Whoa, talk about reframing a narrative. In a rare op-ed piece for The New York Times, former secretary of defense Donald Rumsfeld argues that the surge of additional combat brigades into Iraq was not a last-ditch attempt to execute a course correction in a disastrously mishandled war but that, in fact, “by early 2007, several years of struggle had created the new conditions for a tipping point”:
From 2003 through 2006, United States military forces, under the leadership of Gen. John Abizaid and Gen. George Casey, inflicted huge losses on the Baathist and Qaeda leadership. Many thousands of insurgents, including the Qaeda chief in Iraq, Abu Musab al-Zarqawi, were captured or killed and proved difficult to replace.
According to this version of history, the United States was on a steady trajectory towards victory from the very beginning, and were it not for those quarrelsome Iraqis (remember, “freedom’s untidy”), the desired endstate would’ve been accomplished in no time.
In other words, the first three years of the war, when the Bush administration, Rumsfeld included, refused to even accept there was an insurgency, let alone employ the right strategy to fight it, were not a gigantic screw-up but a period of heroic struggle, somehow necessary for the surge to succeed. And guess who now takes the credit for turning the tide:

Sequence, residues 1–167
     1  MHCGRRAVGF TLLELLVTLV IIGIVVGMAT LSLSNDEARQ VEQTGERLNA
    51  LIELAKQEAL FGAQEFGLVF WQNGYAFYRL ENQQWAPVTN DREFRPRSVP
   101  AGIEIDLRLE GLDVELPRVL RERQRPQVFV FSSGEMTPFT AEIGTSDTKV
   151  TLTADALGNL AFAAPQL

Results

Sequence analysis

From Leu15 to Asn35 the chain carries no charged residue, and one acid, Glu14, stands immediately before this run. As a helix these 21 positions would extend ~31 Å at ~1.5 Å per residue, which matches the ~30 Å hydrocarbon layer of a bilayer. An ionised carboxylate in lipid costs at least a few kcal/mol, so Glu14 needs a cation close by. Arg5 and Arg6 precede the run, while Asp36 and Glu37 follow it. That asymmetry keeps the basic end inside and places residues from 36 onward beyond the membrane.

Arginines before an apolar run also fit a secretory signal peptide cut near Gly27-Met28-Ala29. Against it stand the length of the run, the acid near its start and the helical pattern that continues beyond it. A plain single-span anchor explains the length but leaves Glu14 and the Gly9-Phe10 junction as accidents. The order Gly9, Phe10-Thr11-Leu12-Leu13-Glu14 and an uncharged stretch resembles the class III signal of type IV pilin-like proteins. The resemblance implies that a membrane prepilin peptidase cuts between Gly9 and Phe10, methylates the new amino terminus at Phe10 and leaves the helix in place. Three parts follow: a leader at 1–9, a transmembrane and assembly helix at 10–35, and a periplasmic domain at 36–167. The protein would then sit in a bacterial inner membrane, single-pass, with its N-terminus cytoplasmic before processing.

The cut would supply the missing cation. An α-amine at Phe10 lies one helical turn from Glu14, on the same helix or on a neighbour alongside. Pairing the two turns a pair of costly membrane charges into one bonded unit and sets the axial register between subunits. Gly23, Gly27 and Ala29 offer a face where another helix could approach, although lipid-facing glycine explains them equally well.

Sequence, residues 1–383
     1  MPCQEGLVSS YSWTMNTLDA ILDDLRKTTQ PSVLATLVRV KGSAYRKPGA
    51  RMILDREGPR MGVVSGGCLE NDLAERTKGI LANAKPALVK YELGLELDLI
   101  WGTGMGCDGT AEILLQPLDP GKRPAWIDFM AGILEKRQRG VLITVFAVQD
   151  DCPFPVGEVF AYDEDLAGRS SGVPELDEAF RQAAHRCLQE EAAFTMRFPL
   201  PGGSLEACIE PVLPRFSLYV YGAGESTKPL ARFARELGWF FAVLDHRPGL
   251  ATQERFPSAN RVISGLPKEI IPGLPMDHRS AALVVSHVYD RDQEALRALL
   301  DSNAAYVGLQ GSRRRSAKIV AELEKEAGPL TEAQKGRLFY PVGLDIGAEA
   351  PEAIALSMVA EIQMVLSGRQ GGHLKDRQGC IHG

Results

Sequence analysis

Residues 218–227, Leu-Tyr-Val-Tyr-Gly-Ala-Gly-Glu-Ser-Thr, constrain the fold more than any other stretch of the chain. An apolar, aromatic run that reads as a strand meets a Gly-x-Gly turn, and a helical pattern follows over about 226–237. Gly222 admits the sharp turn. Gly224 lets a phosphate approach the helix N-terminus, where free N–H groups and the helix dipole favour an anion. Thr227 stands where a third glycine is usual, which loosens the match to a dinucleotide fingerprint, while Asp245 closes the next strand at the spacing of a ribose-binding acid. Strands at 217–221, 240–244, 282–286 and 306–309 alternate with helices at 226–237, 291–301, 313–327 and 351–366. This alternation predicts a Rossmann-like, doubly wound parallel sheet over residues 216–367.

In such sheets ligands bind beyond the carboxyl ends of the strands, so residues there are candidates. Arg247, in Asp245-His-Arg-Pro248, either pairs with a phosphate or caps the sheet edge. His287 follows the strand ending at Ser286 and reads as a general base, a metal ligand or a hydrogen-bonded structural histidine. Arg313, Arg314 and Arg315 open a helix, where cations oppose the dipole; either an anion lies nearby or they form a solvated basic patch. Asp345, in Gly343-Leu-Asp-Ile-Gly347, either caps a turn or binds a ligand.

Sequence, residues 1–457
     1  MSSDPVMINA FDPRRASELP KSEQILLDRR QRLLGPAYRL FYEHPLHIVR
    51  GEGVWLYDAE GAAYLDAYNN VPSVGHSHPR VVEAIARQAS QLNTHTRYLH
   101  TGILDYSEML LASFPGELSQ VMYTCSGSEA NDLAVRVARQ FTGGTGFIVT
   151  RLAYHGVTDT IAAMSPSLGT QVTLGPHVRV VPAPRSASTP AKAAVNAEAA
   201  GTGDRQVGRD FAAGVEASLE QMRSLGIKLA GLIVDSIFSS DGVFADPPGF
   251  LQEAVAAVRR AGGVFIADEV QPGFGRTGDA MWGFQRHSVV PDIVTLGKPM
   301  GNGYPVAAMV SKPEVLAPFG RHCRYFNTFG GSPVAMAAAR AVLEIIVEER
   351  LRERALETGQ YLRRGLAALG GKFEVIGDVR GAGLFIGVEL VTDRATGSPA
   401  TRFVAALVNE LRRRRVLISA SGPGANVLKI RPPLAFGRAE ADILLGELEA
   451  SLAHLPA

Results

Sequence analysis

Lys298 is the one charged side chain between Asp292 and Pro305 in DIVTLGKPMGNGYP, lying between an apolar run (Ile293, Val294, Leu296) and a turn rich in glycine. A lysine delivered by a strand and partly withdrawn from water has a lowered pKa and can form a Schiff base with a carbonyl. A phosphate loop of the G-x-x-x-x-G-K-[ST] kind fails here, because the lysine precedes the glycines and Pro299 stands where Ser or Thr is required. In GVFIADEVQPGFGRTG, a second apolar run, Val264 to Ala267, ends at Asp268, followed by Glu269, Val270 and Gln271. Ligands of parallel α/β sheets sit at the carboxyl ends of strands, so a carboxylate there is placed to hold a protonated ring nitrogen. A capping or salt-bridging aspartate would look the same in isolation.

Some military leaders raised reasonable questions about the potential effectiveness of a surge, in part because of a correct concern that military power alone could not solve Iraq’s problems. I agreed, and emphasized that a military surge would need to be accompanied by effective diplomatic and economic ‘surges’ from other departments and agencies of the American government, and by considerably greater progress from Iraq’s elected leaders.
During my last weeks in office, I recommended to President Bush that he consider Gen. David Petraeus as commander of coalition forces in Iraq, as General Casey’s tour was coming to an end.
True to form, Rumsfeld — the man whose hubristic obsession of war without infantry resulted in bin Laden slipping away — now expresses doubts about bolstering the American military presence in Afghanistan. The reason?
Left unanswered in the current debate is the critical question of how thousands of additional American troops might actually bring long-term stability to Afghanistan.
This is indeed a question left unanswered — by Bush, Cheney, Franks and Rumsfeld himself in 2002 in their headlong rush from a necessary war to a misadventure of historic proportions.